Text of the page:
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Ohio EPA Limits On Phosphorus From Waste Treatment Plants May Be Stricter

Jamie Gellner, President of private non-profit Ohio Water Environment Association
OWE.org
Jamie Gellner, President of private non-profit Ohio Water Environment Association

In its fight against algae in Ohio’s lakes and streams, the Ohio EPA is moving to expand enforcement of one of its regulations. It’s a move that might cause a bump in some water bills.  

Jamie Gellner, President of private non-profit Ohio Water Environment Association
Credit OWE.org
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OWE.org
Jamie Gellner, President of private non-profit Ohio Water Environment Association

The increase would be about $1 a month per household, according to state and private-sector reports. The money is for upgrading wastewater plants so they release no more than 1-milligram of phosphorous per liter of output. Ohio EPA a bill passed next year to make that limit, now only enforced in the Lake Erie basin, apply everywhere.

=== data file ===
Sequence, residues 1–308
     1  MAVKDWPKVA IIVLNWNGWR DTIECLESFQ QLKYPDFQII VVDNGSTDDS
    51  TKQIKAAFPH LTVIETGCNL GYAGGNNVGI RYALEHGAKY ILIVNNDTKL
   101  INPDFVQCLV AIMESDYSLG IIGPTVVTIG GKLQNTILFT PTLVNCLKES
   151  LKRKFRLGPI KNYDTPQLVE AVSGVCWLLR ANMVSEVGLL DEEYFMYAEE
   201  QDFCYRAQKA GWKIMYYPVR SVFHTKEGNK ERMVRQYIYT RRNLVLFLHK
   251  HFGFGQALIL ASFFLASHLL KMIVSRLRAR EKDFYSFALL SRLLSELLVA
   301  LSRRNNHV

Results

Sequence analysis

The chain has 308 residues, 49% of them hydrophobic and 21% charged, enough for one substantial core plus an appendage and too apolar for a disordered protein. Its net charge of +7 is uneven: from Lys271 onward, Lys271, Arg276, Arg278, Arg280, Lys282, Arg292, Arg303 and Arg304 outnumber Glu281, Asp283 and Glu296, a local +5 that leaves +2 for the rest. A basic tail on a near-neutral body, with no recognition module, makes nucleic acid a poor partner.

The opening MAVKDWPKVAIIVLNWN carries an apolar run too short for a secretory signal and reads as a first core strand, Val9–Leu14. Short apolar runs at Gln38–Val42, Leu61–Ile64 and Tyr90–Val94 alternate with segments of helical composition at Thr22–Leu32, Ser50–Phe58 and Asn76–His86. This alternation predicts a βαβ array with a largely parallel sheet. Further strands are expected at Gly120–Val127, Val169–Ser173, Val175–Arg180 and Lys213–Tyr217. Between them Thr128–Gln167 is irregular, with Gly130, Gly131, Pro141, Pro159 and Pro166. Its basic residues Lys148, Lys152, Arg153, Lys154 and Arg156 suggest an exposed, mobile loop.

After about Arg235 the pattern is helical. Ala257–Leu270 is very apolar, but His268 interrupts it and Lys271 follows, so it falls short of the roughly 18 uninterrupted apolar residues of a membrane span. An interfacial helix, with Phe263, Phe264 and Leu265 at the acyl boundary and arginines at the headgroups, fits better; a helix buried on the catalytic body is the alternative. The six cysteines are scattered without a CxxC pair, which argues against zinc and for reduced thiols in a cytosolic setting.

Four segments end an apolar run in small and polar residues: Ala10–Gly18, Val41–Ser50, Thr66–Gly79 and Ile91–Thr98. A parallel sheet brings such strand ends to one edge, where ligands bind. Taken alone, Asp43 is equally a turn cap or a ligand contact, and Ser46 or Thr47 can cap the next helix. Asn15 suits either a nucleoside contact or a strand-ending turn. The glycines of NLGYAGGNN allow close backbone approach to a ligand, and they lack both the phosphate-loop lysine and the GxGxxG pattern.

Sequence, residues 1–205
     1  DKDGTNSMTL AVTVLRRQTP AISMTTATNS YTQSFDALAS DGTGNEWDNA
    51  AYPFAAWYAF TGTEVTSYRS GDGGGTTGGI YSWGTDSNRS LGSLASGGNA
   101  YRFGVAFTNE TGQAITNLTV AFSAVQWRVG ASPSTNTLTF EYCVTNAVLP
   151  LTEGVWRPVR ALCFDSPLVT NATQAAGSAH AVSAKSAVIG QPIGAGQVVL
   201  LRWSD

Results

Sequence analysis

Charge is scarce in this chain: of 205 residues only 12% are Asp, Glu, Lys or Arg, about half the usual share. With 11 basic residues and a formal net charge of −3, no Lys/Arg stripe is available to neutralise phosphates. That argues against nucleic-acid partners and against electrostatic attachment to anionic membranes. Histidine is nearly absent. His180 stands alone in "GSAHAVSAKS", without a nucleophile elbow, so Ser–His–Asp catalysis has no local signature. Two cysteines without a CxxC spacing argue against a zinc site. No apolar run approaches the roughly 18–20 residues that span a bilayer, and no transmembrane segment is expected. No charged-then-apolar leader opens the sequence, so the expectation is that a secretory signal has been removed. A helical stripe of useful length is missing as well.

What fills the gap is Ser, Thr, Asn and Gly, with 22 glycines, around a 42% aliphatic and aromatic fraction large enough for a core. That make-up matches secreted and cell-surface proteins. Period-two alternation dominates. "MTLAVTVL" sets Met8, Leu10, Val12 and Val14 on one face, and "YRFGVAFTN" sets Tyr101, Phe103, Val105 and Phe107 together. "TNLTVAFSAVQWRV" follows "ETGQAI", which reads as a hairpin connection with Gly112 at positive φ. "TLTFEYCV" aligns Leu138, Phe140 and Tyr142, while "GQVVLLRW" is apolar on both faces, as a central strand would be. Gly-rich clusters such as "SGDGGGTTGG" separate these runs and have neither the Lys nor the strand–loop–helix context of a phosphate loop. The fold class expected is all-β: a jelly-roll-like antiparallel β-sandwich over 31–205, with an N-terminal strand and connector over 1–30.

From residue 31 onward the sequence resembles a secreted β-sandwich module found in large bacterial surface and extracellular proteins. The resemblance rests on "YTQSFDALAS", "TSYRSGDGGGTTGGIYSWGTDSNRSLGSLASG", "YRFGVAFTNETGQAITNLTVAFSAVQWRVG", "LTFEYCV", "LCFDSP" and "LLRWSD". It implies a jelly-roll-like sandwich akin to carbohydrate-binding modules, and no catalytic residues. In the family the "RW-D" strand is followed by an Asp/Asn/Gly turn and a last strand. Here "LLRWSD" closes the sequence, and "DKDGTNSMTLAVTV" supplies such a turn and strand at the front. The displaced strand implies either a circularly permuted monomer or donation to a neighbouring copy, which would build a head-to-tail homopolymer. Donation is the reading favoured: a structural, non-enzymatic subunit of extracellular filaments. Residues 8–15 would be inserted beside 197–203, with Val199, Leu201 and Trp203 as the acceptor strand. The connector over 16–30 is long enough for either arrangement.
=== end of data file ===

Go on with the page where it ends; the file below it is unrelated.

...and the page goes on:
Jamie Gellner, president of The Ohio Environment Water Association,says his private non-profit treatment-industry group sees both a minus and a plus in the idea.

“A one-size-fits all limit in many cases will cost money where there wouldn’t be a benefit; also acknowledging that in some of those watersheds there would be a benefit to having a point-sources limit on some of those discharges.”

“Point source” refers to municipal and industrial treatment plants. It's one of the five major ways phosphorus gets into surface waters.

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Tim Rudell
Tim Rudell has worked in broadcasting and news since his student days at Kent State in the late 1960s and early 1970s (when he earned extra money as a stringer for UPI). He began full time in radio news in 1972 in his home town of Canton, OH.